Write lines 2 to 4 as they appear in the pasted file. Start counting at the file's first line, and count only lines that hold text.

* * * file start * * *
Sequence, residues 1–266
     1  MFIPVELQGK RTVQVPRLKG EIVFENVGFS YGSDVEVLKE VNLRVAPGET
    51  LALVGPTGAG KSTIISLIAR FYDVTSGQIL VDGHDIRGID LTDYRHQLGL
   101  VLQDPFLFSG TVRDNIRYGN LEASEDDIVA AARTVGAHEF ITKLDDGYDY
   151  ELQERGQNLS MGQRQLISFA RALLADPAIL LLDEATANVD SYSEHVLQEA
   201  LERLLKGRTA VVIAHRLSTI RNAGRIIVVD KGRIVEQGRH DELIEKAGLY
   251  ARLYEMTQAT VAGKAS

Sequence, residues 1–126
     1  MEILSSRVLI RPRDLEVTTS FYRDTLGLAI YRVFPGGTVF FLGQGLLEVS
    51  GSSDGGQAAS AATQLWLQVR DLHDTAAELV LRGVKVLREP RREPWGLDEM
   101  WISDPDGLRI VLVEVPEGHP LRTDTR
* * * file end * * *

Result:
     1  MFIPVELQGK RTVQVPRLKG EIVFENVGFS YGSDVEVLKE VNLRVAPGET
    51  LALVGPTGAG KSTIISLIAR FYDVTSGQIL VDGHDIRGID LTDYRHQLGL
   101  VLQDPFLFSG TVRDNIRYGN LEASEDDIVA AARTVGAHEF ITKLDDGYDY